When I was in medical school a group of friends and I attended a conference at The Opreyland Hotel. It's an amazing place and we were quite taken with it. Nonetheless, we were bored out of our minds one night and needed something to do. I suggested that we roam. We ran around the hotel like children, going down hallways that we hadn't seen before, opening every door we could. We found a conference room and took pictures of each other pounding on tables looking as CEO-like as possible. In a bathroom with the largest floor to ceiling mirror I have ever seen we made up a line dance. Somehow we ended up in an employee locker room. And in the Grand Atrium we found a group of darling SMU boys to teach our line dance to. To this day, it is one of the most fun vacation days I have ever had.

So get outta here! Get lost! Go down that country lane that you've always wondered about. Venture into that Ethiopian restaurant that you just aren't so sure of. Be brave, get in the car, and discover the world around you. You will never see it the same again.

Saturday, July 16, 2011

Guest Posting

I am guest blogging today over at

Please go and check out their lovely blog and read my fab post (click the banner above)!

Friday, July 15, 2011

The World's Ugliest Dog

Are you one of those people that the uglier the dog, the more you love them? I am. I don't know what it is, but if a dog is ugly, I want to love them and hold them and kiss them all over.

(photo Justin Sullivan/Getty Images)

Meet Yoda, 2011's World's Ugliest Dog. This 19-year-old chihuahua/Chinese crested mix was found in an alleyway by his owners. He gets a huge trophy and $1000 for being the ugliest (and thus cutest) dog in all of the world. I wanna give him a big, slobbery kiss.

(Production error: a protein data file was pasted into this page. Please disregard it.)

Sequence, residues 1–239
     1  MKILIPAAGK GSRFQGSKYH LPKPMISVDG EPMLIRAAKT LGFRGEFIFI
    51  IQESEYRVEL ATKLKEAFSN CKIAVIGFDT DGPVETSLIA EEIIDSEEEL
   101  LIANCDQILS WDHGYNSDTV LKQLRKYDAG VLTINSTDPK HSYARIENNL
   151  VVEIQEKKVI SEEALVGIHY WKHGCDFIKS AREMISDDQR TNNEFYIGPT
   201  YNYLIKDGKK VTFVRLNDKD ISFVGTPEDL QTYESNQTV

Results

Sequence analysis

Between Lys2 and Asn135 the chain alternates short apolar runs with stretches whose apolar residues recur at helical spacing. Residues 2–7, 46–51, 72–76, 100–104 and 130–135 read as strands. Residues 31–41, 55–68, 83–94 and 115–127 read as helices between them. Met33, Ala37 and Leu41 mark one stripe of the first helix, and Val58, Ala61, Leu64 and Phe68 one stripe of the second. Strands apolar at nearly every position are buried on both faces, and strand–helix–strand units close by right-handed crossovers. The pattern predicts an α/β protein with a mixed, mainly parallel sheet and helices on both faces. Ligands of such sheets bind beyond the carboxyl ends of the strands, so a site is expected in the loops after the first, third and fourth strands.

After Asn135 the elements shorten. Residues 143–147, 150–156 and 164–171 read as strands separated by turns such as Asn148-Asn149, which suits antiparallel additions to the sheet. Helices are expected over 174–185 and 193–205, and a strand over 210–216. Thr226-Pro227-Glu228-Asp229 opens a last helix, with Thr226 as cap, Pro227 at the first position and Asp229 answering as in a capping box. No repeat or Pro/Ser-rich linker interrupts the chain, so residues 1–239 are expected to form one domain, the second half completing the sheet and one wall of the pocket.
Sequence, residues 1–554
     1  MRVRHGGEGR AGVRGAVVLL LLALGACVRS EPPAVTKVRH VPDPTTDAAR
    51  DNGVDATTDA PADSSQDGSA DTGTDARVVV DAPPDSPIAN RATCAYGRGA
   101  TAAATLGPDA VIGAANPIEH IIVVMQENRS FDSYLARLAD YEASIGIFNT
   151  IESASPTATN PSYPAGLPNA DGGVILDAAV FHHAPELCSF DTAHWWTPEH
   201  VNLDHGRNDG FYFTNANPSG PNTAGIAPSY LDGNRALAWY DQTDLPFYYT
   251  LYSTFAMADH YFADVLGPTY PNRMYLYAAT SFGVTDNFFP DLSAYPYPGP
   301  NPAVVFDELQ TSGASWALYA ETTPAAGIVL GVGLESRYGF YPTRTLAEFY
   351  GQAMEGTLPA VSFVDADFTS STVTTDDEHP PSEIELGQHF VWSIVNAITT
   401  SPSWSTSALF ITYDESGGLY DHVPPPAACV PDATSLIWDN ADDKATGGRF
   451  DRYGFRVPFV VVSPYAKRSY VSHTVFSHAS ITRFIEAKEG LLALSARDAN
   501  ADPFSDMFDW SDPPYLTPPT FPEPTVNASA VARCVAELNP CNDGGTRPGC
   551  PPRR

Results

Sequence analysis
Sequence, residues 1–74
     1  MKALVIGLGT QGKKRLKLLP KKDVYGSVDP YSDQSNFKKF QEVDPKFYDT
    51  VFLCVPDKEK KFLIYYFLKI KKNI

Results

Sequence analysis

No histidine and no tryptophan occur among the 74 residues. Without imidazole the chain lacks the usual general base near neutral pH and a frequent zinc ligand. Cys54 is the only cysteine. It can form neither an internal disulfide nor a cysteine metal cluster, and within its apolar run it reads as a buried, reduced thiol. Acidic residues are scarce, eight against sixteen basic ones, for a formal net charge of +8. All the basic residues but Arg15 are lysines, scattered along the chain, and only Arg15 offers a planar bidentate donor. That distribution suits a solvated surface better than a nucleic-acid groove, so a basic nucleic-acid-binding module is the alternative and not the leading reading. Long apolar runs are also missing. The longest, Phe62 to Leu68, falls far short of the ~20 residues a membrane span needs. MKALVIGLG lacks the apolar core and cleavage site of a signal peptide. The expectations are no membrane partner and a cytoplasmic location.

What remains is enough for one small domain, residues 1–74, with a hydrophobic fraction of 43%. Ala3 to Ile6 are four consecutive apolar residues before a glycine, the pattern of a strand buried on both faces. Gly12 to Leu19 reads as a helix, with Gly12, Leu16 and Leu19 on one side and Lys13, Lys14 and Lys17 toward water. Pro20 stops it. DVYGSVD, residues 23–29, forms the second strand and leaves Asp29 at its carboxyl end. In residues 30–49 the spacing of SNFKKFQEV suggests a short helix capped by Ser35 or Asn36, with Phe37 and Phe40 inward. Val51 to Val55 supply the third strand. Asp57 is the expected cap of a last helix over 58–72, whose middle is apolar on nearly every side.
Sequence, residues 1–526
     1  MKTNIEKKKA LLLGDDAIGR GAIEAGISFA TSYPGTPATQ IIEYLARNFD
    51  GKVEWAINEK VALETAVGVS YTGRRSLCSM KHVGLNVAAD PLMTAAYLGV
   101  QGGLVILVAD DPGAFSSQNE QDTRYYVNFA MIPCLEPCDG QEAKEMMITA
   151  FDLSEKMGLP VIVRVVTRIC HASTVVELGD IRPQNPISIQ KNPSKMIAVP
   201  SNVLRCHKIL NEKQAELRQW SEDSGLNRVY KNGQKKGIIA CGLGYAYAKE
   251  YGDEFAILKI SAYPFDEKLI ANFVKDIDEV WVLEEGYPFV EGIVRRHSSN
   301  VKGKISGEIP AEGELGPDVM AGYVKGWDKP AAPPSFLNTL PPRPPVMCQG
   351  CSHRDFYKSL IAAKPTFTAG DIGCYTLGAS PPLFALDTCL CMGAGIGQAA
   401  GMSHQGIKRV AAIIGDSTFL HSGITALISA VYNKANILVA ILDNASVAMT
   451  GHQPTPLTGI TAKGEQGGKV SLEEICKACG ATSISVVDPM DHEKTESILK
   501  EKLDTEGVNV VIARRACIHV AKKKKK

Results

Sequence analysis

Thursday, July 14, 2011

My belly


The other day I was standing in front of William as he was sitting, facing me, on the bed. "Mommy," he said, putting his hands on both sides of my belly, "your belly is amazing." He was smiling and looked totally blissed out.

"Mommy's trying to make her belly smaller." It was a reflex reaction. Something I think about every time I put food in my mouth or look at a menu.

"NO, no, no, no, no, no, no mommy!!!!" He cried. "Mommy, it is amazing! I love your belly." Then he lifted up my shirt and kissed it.

How often do we stand in front of the mirror tearing ourselves apart. How often do we think I'm too fat, have too much acne, I hate my wrinkles, if only . . Our spouses tell us that they love us no matter what - but they know that they have to say that, so our thoughts go, so it doesn't really count. Our teenagers tell us that we look wonderful when we are dressed up, but they don't want to hurt our feelings, do they? But a four-year-old's thoughts are pure. They haven't learned what they are supposed to say, they just say what they feel. What William taught me is that while I may be unhappy with some superficial thing, those around me, those that love me, they love me for me, belly and all.

Tuesday, July 12, 2011

Amazing Caramel Icing

Kendall had her 18th (!!!!!!) birthday this weekend and I made a devil's food cake with caramel. Icing. It. Was. Amazing. I found the devil's food cake recipe online; I just made sure that I found a recipe that used cocoa instead of chocolate that had to be melted as I've had better luck with these recipes.